Most records in this collection are from the 20th century or later, with just three percent from before the year 1900. However, there is a select amount of records dated from before 1884, with approximately one percent of the collection falling under this category.”
North Carolina, Mecklenburg County Death Index, 1916–2019 Index
“This free collection is an index of death records from Mecklenburg County, North Carolina. The records may contain the following searchable information: first name, middle name, last name, gender, and death date of the individual. Records may also contain the certificate number for the death. Mecklenburg County is the largest county in North Carolina by population, and its county seat is Charlotte.
In some cases, the gender is given as unknown along with a missing given name. This usually means the record is for a still-born baby. All records in this collection are from the 20th century or later. However, there is a select amount of records dated before 1916, with the earliest from 1908.”
Pennsylvania, Lawrence County Index of Obituaries, 1871–2016 Index
“This collection includes an index of obituaries and death records from Lawrence County Pennsylvania for the years 1871-2016. A record may include the first and last name of the deceased, death date, date of death announcement, name of spouse, name of parent(s), and the name of the newspaper that published the information.
Obituaries can be a good source of information about a person and may also include information about the deceased’s family members. Often an obituary will include information such as the birth date, marriage date, children, occupation, education, and the location of living family members at the time the obituary was written.”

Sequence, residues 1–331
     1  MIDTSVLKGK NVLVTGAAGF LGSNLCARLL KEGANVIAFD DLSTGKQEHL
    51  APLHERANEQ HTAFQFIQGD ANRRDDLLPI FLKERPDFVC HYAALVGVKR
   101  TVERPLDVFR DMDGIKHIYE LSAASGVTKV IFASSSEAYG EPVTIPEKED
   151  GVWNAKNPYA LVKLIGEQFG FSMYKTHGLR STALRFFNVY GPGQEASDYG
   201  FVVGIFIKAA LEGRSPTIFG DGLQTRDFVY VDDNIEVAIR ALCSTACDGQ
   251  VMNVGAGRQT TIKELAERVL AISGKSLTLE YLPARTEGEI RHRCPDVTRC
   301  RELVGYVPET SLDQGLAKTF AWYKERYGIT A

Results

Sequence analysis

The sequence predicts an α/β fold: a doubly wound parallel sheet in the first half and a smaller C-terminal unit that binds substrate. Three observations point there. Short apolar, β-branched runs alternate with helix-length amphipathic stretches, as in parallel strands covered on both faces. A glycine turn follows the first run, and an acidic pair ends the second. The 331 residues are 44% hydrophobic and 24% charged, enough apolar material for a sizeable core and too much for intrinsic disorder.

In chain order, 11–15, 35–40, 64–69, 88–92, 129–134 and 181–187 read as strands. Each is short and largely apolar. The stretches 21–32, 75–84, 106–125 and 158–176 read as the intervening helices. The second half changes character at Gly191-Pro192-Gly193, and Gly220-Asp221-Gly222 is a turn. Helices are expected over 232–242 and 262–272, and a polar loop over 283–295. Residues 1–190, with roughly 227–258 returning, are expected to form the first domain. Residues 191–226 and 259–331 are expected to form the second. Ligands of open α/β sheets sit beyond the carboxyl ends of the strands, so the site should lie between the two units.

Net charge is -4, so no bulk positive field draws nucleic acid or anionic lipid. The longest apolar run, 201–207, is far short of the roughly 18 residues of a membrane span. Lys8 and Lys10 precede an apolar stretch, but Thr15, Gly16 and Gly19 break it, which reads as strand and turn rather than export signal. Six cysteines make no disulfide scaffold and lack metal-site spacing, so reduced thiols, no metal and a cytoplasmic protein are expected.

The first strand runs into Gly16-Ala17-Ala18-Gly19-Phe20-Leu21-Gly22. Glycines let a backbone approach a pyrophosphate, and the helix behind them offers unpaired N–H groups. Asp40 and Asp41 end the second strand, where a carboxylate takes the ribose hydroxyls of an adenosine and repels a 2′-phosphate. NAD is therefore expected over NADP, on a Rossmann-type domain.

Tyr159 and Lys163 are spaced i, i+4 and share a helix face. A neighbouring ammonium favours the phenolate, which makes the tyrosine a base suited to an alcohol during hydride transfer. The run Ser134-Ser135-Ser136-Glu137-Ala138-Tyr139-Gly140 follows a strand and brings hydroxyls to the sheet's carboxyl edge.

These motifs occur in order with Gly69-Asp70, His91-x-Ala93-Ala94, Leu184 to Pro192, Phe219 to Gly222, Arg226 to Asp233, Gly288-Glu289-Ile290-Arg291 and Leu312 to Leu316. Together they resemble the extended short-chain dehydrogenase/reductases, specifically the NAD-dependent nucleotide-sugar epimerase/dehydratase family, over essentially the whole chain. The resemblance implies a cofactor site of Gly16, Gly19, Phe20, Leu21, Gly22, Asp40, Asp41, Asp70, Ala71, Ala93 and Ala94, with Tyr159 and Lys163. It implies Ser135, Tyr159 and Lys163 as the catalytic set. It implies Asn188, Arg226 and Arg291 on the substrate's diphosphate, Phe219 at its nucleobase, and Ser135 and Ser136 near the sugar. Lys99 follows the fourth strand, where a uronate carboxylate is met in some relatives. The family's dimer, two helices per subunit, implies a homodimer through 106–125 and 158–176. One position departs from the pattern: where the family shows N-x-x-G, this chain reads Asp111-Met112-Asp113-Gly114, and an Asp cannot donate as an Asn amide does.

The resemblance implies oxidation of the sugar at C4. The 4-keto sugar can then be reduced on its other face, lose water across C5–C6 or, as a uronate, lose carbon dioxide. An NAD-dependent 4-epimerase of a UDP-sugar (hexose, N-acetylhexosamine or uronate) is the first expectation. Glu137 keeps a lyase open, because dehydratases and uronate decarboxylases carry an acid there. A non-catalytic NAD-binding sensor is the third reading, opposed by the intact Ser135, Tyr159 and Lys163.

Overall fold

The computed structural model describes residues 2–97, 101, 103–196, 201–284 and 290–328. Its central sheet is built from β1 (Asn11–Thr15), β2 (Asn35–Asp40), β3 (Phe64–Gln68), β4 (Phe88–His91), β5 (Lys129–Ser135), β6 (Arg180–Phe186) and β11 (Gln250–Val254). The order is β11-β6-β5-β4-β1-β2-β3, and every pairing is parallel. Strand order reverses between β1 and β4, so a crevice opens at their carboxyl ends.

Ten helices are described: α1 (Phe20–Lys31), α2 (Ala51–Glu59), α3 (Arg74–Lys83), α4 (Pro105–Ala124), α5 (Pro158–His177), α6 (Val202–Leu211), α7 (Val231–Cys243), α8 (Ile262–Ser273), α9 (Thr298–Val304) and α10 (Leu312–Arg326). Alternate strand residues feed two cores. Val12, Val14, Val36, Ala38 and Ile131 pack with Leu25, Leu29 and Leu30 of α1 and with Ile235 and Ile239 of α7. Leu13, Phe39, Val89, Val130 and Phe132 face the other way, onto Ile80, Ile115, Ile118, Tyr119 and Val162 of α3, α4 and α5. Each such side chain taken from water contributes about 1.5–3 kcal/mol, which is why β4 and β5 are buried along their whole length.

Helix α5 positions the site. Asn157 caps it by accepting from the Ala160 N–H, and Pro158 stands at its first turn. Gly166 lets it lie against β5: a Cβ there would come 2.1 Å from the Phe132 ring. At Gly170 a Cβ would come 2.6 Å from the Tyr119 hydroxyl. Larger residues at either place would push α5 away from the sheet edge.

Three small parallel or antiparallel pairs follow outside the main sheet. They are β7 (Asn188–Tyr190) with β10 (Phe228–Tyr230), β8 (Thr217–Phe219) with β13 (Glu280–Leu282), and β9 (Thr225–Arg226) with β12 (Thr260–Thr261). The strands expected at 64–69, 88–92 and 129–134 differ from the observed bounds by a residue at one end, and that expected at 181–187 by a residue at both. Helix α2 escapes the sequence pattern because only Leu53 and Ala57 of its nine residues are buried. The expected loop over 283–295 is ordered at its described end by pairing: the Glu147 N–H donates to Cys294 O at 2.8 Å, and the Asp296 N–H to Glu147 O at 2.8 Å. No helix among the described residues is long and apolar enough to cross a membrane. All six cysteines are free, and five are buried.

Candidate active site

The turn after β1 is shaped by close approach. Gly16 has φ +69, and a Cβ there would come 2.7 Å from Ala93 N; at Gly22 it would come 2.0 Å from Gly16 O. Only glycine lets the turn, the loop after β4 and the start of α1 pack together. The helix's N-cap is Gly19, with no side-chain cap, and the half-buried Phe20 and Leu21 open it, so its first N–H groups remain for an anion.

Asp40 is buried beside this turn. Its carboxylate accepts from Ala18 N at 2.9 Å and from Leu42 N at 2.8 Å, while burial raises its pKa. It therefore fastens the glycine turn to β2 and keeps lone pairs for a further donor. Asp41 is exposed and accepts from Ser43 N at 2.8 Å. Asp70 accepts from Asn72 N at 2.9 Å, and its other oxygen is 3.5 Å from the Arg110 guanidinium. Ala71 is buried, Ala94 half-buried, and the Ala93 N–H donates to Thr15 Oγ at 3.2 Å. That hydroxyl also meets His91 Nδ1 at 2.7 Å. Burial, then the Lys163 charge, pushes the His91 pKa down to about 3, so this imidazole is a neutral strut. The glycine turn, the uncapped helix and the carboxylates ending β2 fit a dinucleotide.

Pennsylvania, Lawrence County Index of Marriage Announcement, 1858–2006 Index
“This collection includes marriage announcements from Lawrence County, Pennsylvania for the years 1858-2006. Records may include the first and last name of the bride and groom, the names of parent(s), the title of the newspaper that published the announcement, the page on which the announcement is located, the date of the marriage announcement, and the year of the marriage.
Marriage records are a valuable source of information. Marriage records found in newspapers are not limited to a specific form, like most government marriage records, therefore newspapers may contain details about a marriage not found elsewhere, such as names of siblings or other relatives.
Newspapers can report marriages of people who no longer live in the area but who still have friends or family there.”
Chile, Electoral Rolls, 2013 Index
“This collection of over 12 million records contains information about Chilean voters during the November 17, 2013 elections. Records include the names of voters and the location of the vote. The collection also includes records about canceled voters, mostly because of the death of the voter, and disqualified voters.